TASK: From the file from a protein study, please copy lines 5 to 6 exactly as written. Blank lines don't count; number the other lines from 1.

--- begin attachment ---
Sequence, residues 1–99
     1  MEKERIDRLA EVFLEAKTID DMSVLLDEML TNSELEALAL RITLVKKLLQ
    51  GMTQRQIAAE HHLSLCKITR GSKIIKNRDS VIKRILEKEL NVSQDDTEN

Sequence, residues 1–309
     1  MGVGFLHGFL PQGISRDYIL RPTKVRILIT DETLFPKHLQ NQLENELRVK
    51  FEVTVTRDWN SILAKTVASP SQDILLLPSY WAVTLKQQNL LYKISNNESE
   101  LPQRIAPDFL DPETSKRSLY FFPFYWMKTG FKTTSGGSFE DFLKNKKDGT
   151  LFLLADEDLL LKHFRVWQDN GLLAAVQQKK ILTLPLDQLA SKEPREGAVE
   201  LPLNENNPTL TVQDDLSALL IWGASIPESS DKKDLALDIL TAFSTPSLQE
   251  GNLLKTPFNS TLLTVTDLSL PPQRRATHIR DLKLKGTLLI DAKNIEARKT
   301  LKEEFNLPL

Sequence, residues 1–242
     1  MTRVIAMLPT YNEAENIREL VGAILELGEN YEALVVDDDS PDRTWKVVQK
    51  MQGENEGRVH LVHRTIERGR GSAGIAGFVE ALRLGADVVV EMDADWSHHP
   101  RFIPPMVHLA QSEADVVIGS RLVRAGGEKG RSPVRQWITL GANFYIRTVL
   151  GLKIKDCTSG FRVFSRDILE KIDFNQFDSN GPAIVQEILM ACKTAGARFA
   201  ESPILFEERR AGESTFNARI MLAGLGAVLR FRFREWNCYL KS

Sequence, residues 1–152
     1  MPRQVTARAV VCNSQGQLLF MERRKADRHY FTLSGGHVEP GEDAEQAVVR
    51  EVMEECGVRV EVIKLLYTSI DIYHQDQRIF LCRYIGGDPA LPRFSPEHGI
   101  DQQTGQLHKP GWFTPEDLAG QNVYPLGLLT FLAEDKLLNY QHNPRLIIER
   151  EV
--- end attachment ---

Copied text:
     1  MGVGFLHGFL PQGISRDYIL RPTKVRILIT DETLFPKHLQ NQLENELRVK
    51  FEVTVTRDWN SILAKTVASP SQDILLLPSY WAVTLKQQNL LYKISNNESE